According to a UN World Food Program assessment issued on Friday, over 40% of residents in Ethiopia’s Tigray area do not have enough food after 15 months of fighting (WFP).
The organization examined 980 families in the region and discovered that three-quarters of individuals are employing severe coping tactics such as reducing the amount of meals they consume each day.
The conflict began in November 2020, between the Ethiopian government and its supporters against Tigrayan troops loyal to the Tigray People’s Liberation Front (TPLF), the political group that administers the Tigray region.
Thousands of people have been murdered and millions have been displaced throughout three areas of Ethiopia and into neighboring Sudan as a result of the fighting.
Legesse Tulu, the government’s spokesperson, did not immediately reply to a request for comment on the UN assessment, but he did tell Reuters on Monday that the TPLF is using “hunger as a political instrument.”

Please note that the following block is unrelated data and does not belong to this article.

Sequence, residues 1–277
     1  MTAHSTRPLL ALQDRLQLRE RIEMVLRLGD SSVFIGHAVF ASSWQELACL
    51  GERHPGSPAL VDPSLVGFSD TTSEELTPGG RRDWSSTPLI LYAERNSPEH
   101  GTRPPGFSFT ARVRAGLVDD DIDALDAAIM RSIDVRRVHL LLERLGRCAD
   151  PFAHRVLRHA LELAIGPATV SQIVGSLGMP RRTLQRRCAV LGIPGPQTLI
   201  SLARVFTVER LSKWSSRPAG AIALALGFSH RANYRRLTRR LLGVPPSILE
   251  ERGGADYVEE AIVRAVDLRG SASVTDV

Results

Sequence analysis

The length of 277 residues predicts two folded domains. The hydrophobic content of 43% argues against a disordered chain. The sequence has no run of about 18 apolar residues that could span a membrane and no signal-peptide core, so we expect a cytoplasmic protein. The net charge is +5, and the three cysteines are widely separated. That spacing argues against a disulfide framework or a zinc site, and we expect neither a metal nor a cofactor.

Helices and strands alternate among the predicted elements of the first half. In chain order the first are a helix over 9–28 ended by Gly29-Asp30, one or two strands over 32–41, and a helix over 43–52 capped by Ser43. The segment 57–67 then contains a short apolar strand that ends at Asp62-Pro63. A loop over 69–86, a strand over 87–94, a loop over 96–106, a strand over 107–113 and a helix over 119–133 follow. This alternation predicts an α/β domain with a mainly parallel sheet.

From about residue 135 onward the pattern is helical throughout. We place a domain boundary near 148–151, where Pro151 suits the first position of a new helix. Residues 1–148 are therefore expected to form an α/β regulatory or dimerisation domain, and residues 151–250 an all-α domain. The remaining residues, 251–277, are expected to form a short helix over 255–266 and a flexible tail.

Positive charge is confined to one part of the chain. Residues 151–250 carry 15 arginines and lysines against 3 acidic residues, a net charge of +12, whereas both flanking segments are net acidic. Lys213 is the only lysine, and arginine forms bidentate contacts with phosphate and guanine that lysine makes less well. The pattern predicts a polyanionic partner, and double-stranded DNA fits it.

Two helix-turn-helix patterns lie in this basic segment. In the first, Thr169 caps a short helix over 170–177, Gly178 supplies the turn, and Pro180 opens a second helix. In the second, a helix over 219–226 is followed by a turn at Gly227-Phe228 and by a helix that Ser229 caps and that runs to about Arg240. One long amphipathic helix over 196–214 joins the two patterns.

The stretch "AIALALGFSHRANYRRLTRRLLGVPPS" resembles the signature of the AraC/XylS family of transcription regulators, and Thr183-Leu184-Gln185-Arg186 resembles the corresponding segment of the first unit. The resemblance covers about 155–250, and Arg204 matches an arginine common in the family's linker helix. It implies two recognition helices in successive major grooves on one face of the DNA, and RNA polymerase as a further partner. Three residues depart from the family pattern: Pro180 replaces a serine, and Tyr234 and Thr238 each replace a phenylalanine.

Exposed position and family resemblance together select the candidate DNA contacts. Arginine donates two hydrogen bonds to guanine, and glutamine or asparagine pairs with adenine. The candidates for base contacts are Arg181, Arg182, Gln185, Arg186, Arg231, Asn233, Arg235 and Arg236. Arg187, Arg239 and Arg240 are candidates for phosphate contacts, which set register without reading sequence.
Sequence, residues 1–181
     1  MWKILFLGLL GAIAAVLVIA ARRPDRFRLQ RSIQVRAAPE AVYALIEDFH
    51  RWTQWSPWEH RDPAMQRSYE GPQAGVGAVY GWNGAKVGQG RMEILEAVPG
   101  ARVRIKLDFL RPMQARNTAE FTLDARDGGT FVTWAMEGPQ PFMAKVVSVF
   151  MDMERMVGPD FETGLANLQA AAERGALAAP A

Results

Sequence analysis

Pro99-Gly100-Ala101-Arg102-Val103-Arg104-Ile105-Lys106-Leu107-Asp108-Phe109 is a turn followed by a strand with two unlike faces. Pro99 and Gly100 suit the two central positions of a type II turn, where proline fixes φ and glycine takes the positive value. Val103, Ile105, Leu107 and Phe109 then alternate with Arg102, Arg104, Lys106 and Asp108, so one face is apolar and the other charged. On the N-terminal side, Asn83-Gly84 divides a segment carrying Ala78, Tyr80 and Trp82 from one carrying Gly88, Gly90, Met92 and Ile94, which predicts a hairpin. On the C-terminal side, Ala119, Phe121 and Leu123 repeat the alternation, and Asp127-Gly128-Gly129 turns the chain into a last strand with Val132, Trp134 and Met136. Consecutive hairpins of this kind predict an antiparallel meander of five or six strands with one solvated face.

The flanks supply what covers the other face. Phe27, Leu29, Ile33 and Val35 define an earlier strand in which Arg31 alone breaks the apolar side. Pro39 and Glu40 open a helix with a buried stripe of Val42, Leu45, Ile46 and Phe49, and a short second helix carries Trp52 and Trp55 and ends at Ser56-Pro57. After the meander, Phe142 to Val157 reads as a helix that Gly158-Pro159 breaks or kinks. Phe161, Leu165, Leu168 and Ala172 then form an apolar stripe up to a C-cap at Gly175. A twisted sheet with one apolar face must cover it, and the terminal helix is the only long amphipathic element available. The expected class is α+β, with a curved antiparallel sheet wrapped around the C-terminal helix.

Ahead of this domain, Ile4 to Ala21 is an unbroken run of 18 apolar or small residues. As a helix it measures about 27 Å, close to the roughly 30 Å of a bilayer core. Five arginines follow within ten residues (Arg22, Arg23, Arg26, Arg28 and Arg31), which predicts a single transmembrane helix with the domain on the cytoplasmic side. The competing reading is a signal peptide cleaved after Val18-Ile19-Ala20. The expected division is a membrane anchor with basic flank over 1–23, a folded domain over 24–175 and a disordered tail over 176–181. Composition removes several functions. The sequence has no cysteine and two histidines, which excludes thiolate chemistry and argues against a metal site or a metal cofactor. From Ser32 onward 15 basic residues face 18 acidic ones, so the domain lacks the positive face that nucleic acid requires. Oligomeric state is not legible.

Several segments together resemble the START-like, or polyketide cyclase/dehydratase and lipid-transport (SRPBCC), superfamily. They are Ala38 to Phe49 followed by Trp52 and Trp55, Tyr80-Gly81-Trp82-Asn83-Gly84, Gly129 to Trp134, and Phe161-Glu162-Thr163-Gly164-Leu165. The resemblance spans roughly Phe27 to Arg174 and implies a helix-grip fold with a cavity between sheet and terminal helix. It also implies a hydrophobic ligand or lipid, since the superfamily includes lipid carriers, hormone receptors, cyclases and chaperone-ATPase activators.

The study comes as international worries over humanitarian access to the Tigray area rise once more.
Although the capacity of aid workers to access Tigray improved throughout the summer months and “kept famine at bay” for people there, no assistance convoy has arrived since mid-December, according to WFP.
The Ethiopian government said last week that 43 trucks would carry food and other help to Tigray, but no trucks have come as violence continues along the border between Afar and Tigray. The administration claimed in a statement on Friday that a convoy delivering food and medication was forced to return due to violence blamed on the TPLF.
A doctor at the Ayder Referral Hospital in Mekelle, Tigray’s regional capital, told Reuters that hospital employees had not been paid in eight months. According to the doctor, some physicians and nurses have had their own children brought to the hospital for malnutrition, and some employees have resorted to begging for food.
According to the UN Office for the Coordination of Humanitarian Affairs, all foreign relief organisations operating in Tigray have ran out of fuel. A request for comment on that story was not immediately responded to by a government spokeswoman.